Thursday, September 28, 2006

all is not well with orson

jon katz has a new article in slate (an excerpt from his new book). in it he talks about consulting some german philosophers (arendt and kant) about his decision to euthanize his aggressive dog orson (or not).

It did not matter what other people, or other dog lovers, would do or would think of whatever I decided. It mattered what I thought of myself; the respect I needed to seek was my own. The world is filled with people of certainty, who have a sure sense of what others ought to do. Nowhere were they more numerous than in the vast network of people and institutions that constituted the dog culture. Yet if life with dogs had taught me anything, it was to be less, not more, certain. Animals have ways of teaching you that for all your books, vet, Web sites, and holistic practitioners, you are not in control. Animals live by their own lights.


What pushed me through my lethargy was a passage Arendt cited from Immanuel Kant: "Two things fill the mind with ever new and increasing admiration and awe, the oftener and more steadily we reflect on them: the starry heaven above me and the moral law within me."

i was all prepared to make fun of his consultation of German philosophers which can never read to good things. but i was having a hard time putting my finger on what bothered me about the column until i spoke with my good friend mr. glenn who, in spite of his dalliance among the germans and goddamn cats, isn't so bad. he mentioned katz's love of the tidy narrative in which the stories always wrap up in some sort of satisfying way. and that makes me worry his consultation of arendt and kant is not so much about making the right decision but about making the decision and feeling like he is, unquestionably, a good person. now it's not that i think mr. katz is a bad person (in spite of his name's unfortunate homonymic qualities). it's just that last time we saw orson he was a herding dog who had gotten a new leash on life as an outstanding herder and pal to mr. katz. now he's biting people and about to be put down? what? he may say that dogs help us see the complexity in the world but he so rarely shows this in his own writing. his stories tend to lack the aimless wandering and sniffing quality that life with (as?) a dog is actually like--it's not beginning, middle, solution, end. it's meandering in a way his stories--while good reads--so rarely are.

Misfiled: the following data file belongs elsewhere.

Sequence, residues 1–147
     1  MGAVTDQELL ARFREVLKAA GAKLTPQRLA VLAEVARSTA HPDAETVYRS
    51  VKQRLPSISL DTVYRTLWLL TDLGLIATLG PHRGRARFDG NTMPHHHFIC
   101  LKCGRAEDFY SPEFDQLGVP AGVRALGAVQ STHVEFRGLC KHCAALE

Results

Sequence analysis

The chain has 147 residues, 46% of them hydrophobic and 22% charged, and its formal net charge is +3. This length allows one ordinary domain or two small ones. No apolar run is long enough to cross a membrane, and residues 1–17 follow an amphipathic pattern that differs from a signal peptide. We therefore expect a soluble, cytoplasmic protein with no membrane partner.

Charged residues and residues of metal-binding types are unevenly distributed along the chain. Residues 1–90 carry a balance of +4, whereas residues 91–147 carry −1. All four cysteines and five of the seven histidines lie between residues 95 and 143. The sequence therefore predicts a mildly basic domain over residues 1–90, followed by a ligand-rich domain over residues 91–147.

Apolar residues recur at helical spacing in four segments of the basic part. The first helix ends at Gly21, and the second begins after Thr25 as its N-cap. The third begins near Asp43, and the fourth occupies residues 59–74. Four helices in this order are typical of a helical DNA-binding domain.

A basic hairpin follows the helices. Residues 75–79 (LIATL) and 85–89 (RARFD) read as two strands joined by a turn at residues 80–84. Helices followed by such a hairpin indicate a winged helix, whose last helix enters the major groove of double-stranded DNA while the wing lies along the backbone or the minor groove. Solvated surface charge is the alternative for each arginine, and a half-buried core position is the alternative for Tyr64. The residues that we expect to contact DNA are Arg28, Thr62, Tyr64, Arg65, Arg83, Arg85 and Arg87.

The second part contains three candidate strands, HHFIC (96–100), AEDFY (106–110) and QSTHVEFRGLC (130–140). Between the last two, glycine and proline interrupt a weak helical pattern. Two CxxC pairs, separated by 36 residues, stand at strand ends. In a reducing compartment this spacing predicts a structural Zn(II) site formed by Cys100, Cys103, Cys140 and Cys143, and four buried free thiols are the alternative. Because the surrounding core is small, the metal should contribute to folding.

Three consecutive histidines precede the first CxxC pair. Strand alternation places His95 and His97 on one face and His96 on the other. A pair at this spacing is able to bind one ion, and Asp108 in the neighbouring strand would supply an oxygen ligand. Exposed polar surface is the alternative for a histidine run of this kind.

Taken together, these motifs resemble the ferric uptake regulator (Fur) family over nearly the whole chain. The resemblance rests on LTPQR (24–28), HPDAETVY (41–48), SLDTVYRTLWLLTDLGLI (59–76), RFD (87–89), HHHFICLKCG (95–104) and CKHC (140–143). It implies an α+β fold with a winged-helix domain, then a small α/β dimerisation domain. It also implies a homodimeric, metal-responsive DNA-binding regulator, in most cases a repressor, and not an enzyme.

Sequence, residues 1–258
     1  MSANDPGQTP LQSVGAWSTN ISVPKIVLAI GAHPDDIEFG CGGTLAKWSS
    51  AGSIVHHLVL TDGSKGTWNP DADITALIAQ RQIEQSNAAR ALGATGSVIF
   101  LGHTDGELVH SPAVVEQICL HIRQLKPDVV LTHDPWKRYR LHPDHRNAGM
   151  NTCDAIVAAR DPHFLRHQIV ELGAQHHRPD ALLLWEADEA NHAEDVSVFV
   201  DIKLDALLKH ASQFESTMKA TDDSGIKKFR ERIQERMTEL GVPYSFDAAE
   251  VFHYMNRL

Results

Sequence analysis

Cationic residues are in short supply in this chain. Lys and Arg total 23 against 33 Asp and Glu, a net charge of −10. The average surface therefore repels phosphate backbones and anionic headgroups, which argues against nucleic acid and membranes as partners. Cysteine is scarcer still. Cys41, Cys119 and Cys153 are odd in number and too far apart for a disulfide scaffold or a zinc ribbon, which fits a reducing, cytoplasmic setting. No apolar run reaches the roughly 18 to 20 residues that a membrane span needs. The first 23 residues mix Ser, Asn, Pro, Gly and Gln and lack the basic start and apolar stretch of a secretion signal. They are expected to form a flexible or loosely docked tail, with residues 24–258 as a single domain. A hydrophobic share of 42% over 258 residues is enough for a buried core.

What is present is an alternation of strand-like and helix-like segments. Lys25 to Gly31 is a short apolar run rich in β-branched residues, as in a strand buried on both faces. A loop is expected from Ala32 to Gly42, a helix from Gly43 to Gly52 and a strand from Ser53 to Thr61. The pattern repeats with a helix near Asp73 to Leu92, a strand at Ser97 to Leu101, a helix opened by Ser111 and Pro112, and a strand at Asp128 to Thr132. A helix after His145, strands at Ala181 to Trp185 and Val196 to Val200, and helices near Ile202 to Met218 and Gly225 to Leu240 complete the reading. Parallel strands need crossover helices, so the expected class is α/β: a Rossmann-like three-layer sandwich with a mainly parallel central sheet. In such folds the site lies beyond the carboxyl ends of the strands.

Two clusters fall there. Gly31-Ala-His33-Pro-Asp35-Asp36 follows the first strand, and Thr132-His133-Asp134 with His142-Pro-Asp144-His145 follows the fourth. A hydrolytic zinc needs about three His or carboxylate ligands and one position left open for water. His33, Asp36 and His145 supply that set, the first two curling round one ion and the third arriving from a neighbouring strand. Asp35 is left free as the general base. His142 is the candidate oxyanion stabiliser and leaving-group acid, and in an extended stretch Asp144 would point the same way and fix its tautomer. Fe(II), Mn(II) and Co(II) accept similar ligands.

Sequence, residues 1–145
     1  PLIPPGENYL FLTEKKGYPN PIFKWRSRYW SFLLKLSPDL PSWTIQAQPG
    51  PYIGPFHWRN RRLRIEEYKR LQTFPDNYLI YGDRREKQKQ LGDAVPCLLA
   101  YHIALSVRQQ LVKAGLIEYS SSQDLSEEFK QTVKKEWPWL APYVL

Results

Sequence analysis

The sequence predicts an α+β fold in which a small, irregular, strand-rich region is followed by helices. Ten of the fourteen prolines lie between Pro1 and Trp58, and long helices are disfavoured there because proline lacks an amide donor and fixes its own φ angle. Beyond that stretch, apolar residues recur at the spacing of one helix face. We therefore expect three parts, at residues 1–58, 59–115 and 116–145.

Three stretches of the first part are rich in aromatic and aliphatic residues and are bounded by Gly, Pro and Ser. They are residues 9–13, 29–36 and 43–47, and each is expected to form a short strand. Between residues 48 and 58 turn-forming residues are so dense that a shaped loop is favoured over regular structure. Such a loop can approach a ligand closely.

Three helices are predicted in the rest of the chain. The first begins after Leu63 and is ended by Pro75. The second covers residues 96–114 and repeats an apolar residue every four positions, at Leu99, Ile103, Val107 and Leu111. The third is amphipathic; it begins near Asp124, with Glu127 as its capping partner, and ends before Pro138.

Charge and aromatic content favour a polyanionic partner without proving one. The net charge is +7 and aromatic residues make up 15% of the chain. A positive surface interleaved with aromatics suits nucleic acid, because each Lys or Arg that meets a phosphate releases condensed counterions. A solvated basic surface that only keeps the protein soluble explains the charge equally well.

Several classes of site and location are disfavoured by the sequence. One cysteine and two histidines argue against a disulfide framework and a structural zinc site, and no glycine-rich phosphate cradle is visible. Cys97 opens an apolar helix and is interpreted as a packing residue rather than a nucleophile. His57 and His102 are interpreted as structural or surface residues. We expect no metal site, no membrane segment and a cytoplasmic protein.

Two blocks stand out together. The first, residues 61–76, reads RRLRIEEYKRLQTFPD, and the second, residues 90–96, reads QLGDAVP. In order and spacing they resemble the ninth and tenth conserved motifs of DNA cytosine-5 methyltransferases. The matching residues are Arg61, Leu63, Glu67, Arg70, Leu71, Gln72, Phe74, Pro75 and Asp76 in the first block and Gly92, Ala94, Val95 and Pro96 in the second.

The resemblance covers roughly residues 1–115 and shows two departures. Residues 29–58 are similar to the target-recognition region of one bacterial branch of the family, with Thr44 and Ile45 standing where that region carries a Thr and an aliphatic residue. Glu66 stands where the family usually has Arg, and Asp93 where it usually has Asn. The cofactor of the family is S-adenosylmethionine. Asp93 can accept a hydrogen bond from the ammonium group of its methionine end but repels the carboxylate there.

poor orson. at the mercy of the moral law within naked apes.


Blogger Sid the Dog said...

Stupid humans and their smug moral tales. I dunno Wally, but this Katz guy isn't fooling me. If Orson taught him so much about complexity how come the simpleton could only cough up 4 options??? What a showoff too, I mean philosophers are cool and all, but to name them as his "Board of Directors?" I wish there was a way to hack Slate and replace his references to philosophers with references to the Watchtower or the Book of Mormon or The Joy of Cooking. How smart would he look then?